Our Last blog covered tips on how to start a practice management accountability program and focused on the accountability of your practice manager and yourself. Your accountability program should include setting the right goals; tracking KPIs; reviewing key KPIs daily, weekly, and monthly; holding monthly meetings with your manager; and evaluating both yourself and your office manager. Our poll asked “Do You Currently Have an Accountability Program in Place?” The results were split equally between “Yes” and “No”. It is important to have a practice management accountability program in place, otherwise certain tasks will seem unimportant and will not get done, leaving your practice vulnerable.

This article will cover how to start an employee accountability program. Even if you hired an employee that is detail-oriented, works well as part of a team, is motivated to do their job and has great work ethic, it is still important for accountability to be more than just an idea or concept. It is important to have physical representation of important tasks being completed.

Below are the steps to take to implement an employee accountability program in your practice:

Develop Job Standards

  • Each position should have clear written objectives. They should cover the main ideas but not every little detail of the process and they should be limited to one page. They must also be maintained for important updates and learning. 
  • This will set your employees up for success since they will know exactly what outcome you are expecting. Each job description should detail expectations of that position and desired outcomes.
  • Start with your top 5 to 6 job functions and then expand as necessary.

Set Individual and Team Goals

  • Offer training and advice for new hires and have in-depth conversations on how goals and standards will be met. The more this can be documented on paper and preferably video the better.
  • For individual goals, these should be part of their performance review and limited to the top 2 or 3 things to work on until next time. If more than 3, then you are not doing a good job of managing the employee. Asking for everything results in nothing.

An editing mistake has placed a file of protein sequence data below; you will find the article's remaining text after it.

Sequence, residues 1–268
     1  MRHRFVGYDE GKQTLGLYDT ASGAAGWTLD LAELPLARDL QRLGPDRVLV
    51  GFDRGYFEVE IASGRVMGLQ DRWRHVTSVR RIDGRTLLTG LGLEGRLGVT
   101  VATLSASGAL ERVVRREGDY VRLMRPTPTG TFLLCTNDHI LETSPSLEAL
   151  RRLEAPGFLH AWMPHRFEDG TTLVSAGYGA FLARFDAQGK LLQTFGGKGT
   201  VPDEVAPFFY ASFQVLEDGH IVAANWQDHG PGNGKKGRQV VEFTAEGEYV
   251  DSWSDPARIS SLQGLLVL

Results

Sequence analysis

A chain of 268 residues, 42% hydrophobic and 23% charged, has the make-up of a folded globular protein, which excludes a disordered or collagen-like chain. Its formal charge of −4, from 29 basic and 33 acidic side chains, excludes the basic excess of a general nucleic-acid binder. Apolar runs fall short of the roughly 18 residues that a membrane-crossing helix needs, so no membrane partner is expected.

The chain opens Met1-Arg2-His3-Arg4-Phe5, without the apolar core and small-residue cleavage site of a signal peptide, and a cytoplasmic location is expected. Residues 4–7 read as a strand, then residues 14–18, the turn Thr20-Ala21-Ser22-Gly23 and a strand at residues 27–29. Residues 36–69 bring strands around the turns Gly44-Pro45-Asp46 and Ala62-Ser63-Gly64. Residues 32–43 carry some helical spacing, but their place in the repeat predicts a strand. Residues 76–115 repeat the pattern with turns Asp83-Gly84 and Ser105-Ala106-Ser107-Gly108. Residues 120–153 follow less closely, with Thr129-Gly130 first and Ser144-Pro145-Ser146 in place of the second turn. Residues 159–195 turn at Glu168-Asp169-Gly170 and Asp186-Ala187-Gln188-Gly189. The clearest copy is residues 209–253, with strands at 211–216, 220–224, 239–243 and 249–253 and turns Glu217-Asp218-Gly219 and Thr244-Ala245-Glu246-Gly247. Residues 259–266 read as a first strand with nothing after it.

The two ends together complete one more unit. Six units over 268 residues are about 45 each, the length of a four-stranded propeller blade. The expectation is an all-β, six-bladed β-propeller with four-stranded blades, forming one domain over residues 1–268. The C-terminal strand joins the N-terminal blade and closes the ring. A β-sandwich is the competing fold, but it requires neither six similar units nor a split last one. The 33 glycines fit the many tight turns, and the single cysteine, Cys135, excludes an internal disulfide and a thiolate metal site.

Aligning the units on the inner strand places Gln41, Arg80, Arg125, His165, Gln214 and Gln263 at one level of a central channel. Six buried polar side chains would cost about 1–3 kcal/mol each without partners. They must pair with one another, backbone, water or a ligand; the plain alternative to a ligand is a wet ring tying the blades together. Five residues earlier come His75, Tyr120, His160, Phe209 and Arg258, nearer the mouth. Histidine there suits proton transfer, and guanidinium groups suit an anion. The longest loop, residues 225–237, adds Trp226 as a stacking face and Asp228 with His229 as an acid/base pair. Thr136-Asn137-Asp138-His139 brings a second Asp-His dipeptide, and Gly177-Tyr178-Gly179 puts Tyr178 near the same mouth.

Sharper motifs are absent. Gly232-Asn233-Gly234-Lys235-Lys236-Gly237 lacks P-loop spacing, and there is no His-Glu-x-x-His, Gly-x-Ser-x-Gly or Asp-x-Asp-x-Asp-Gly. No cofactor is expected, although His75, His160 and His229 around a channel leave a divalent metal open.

• Downtime should be utilized to help other areas of the office that may be lacking. If a patient cancels, a clinician can work on a reactivation project up front. Similarly, if the front office is slow, yet exam rooms are not being used because they need cleaned, consider having the patient coordinator help catch up the back office. Downtime is also the perfect time to update documentation.
  • Marketing must be done consistently to keep the office alive. Obtaining new patients will no doubt help the practice meet production goals.
  • Every clinician should be offering extra services at every appointment that may benefit the patient. This will help them meet their daily production goals.

Track Employee Progress

  • Hold bi-annual or annual employee reviews to let them know how they are measuring up to the standards they have been given. These reviews need to be simple and we will provide a template in the future. In our template, it will be so simple that you might not appreciate it, because their is a tendency to ask for everything versus laser focus.
  • Use Doctors CFO Salary and Raise Planner to help make decisions based on these reviews to reward your best employees.
  • Track the important attributes of success that impact the job as required and do this by exception only. Exception only means, it is assumed that is was correct, unless you mark it otherwise. If tardiness affects the job, then it should be tracked. If behavior affects the job, it should also be tracked.

Hold Employee Reviews

  • Lead monthly meetings where feedback can be given and received.
  • Set an example by being accountable to your employees. This will also help form a trusting relationship between you and your staff.
  • Goals, standards, and planning can be adjusted if necessary based on conversations had at these meetings.

Follow Through on Disciplinary Action

  • This is easier if consequences are made clear in the beginning.
  • Investigate and question employee to make sure you have all the facts.
  • Listen to feedback from employee to ensure changes do not need to be made on your part.

By making your employees accountable, there is a much better chance that important tasks will get done. It will also set your employees up for success by creating an objective setting in which they can be rated on their performance. To keep your best employees motivated to stay with you, Doctors CFO offers a Salary and Raise Planner. It will calculate bonuses, raises, and starting salaries that work into your individualized budget and financial plans.


To participate in our poll this week, please subscribe to our mailing list and follow us on Instagram. “When Doing Employee Raises, Do You Use a Strategic Approach or Wing it?”

The reason we are publishing these articles is so that your office can increase its success. We appreciate your feedback on how we can help you more and love it when you pass these articles along to other practice owners and office managers.

Developing a management report is not easy and Doctors CFO currently has a robust model for most practice types that is customized for our monthly and bi-monthly clients. If you have questions on how this model applies to your practice or you are interested in applying the Doctors CFO model in your practice, via one of our annual, bi-monthly or monthly assessments, please contact us.

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